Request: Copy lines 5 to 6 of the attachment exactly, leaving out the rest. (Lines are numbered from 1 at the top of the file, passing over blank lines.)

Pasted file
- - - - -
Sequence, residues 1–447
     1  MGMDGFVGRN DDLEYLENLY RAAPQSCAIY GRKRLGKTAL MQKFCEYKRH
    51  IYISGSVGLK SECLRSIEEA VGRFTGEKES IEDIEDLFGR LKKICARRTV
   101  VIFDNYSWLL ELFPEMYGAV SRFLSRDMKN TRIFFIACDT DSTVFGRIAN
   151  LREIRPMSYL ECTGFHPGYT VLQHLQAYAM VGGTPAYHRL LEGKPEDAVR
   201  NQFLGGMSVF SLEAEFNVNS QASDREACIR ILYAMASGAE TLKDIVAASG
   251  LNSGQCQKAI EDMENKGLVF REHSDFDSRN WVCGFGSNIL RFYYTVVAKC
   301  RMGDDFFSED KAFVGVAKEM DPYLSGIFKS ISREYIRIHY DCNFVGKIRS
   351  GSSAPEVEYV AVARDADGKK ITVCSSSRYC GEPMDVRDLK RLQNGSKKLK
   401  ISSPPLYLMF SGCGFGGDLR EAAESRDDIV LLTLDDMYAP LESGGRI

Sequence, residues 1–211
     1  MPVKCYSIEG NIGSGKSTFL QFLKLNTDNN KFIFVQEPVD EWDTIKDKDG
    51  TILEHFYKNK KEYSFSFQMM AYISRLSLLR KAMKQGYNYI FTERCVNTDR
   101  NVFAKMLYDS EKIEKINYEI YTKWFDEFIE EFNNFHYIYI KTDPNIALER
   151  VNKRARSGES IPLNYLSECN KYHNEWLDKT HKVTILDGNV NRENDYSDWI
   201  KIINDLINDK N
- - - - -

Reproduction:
   151  LREIRPMSYL ECTGFHPGYT VLQHLQAYAM VGGTPAYHRL LEGKPEDAVR
   201  NQFLGGMSVF SLEAEFNVNS QASDREACIR ILYAMASGAE TLKDIVAASG